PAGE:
“When rules are so obnoxious you have to become an outlaw / What will you do when your throat is being slit with a sharp saw / You are left with a choice to hold, drive and fight / So tell me why won't you fight for they have snatched your birth right / They kill you, they maim you, they murder you, they torture you / So just go and fight brother there is no one to assist you.”

Inspired by the British rapper and activist Lowkey, aka Karim Dennis, Idress believes that rap is the voice of the voiceless. That's why he chose K2 as his stage name – in hope that his voice can reach the same scale as the second-highest mountain on Earth. “[Lowkey] doesn’t rap nonsense. He talks about the plights of Palestine. Intifada. Killings. Same thing I want to do for my people,” Idress says.

Top to bottom: Ahmer Javed performing in Srinagar.
Koshur Nizam (Kashmiri Culture)

A week before the event near the silk factory, Koshur Nizam – a prominent hip-hop collective home to some of the most innovative and best-selling artists, like Ahmer Javed – organised a gig in Srinagar. Dusk fell as eerie silence engulfed the venue, a large flock of birds flew overhead, and Javed took to the stage. The crowd rushed forward to get a close glimpse of the newest hip-hop sensation in Kashmir.

In his 45 minute performance, Javed sang many of his hits. The young crowd waved their hands in the air and nodded their heads in sync with a rapper who was rapping back-to-back to keep the momentum going till he finished his set with “Rov” – a song featuring the poet, musician and filmmaker Faheem Abdullah, which starts with a woman singing softly about a garden of flowers where everyone is invited to laugh and play together. Then the beat drops in, and Javed starts rapping: “They took my beloved / And my bones become ash / I lost my beloved away from this world / He made me helpless / Who is this thief in my house…"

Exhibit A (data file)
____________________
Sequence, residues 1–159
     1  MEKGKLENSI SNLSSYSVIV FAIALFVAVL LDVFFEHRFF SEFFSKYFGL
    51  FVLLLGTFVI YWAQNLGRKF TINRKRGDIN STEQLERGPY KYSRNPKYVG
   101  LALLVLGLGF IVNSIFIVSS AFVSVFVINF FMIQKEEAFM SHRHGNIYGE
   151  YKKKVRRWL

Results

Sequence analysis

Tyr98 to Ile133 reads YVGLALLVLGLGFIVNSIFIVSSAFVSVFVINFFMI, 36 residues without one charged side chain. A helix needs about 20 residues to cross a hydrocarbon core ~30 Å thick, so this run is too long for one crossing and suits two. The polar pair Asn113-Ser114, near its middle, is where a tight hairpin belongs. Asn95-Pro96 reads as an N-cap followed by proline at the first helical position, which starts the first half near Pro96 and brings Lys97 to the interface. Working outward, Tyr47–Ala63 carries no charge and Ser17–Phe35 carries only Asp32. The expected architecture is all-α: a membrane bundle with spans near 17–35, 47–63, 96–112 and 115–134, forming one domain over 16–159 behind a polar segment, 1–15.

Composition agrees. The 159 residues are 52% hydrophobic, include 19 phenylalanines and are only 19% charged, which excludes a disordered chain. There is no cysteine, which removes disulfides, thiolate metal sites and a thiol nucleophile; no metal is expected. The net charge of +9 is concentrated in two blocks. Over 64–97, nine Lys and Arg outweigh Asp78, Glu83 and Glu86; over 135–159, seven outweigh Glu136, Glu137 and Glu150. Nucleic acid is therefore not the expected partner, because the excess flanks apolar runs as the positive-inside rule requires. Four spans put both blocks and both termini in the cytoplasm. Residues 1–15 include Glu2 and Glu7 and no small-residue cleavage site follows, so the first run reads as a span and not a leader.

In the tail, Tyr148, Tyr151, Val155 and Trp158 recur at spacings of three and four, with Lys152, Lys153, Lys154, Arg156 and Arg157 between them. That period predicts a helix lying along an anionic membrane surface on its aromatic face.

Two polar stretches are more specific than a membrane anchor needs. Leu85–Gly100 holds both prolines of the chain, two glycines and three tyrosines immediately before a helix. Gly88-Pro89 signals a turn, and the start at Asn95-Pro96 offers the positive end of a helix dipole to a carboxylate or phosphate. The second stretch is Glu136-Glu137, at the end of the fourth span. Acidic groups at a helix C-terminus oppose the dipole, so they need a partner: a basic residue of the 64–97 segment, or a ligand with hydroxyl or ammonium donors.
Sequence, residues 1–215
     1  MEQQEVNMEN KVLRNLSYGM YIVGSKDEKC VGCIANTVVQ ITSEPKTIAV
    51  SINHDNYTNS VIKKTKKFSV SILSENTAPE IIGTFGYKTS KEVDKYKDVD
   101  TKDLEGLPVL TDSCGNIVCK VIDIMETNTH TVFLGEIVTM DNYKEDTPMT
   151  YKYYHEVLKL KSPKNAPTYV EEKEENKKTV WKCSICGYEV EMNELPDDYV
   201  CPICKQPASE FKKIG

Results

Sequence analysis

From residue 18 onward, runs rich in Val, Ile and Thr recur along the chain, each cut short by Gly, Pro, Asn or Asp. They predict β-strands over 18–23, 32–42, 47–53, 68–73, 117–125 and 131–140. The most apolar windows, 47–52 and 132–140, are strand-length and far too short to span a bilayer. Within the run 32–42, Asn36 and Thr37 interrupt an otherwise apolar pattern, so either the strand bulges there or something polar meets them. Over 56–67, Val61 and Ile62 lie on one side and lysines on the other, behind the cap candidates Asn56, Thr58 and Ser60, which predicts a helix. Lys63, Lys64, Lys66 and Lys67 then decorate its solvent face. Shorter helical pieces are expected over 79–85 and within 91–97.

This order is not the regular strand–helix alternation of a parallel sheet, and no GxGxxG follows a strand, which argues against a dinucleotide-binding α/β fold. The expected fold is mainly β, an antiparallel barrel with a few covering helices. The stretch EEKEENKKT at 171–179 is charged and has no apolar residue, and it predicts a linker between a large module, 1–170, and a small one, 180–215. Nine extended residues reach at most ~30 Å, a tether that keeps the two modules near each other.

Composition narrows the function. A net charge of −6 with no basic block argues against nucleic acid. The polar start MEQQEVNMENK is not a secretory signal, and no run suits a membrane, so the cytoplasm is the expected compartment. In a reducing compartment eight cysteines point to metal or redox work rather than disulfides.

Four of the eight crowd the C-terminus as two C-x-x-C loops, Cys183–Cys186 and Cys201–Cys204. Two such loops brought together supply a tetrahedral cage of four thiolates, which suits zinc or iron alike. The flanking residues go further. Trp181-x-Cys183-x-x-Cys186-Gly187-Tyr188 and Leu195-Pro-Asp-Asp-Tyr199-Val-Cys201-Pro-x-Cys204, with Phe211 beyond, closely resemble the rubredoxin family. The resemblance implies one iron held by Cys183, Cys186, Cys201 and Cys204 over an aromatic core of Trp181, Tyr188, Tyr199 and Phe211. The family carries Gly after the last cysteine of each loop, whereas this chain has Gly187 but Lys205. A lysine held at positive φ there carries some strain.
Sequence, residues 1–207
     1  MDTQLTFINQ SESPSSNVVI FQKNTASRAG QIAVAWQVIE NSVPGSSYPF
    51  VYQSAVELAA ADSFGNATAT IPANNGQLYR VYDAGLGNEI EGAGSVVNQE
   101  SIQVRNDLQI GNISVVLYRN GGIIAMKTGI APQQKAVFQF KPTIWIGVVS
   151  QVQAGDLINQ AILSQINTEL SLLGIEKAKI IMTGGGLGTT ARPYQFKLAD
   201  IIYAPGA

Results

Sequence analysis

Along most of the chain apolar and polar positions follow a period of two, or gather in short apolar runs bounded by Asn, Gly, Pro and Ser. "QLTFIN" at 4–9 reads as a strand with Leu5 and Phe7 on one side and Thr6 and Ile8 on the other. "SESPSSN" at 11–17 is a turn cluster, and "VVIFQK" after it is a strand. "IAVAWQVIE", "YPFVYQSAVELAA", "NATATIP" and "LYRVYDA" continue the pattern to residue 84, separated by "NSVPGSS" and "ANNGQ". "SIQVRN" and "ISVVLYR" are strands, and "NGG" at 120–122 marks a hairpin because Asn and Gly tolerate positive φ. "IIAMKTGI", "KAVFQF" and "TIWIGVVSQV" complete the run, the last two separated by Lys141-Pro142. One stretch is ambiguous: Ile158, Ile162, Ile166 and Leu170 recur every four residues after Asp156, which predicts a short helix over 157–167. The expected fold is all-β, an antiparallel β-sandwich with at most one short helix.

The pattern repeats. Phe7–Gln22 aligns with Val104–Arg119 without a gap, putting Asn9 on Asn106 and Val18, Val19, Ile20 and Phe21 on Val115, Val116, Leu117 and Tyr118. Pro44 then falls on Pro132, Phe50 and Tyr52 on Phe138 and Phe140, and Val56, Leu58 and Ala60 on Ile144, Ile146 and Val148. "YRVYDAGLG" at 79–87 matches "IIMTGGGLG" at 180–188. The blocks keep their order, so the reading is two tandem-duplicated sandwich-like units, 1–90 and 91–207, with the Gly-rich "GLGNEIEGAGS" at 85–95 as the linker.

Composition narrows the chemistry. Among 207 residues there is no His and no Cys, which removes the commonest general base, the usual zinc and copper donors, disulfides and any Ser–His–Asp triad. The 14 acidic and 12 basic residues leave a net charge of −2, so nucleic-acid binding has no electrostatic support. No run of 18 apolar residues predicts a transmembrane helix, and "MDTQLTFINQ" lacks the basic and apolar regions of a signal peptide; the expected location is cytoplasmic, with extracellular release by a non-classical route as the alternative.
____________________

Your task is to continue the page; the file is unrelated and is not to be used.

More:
Talking with Huck after the performance, Javed says that Kashmiri hip-hop draws its inspiration from the same sense of social injustice that birthed the genre in the US. “When Black people were treated like second-class citizens by whites and nobody was listening to their grievances, they came up with rap to tell their stories. Similar is the case with us (Kashmiri),” he says, adding that the scene in Kashmir is still very much “underground.”

“We live in the most volatile area in the city, and we have seen so much turmoil right from our childhood. This music gives us a chance to listen to our own feelings.”

Arsalan (age 18) and Dawood (age19)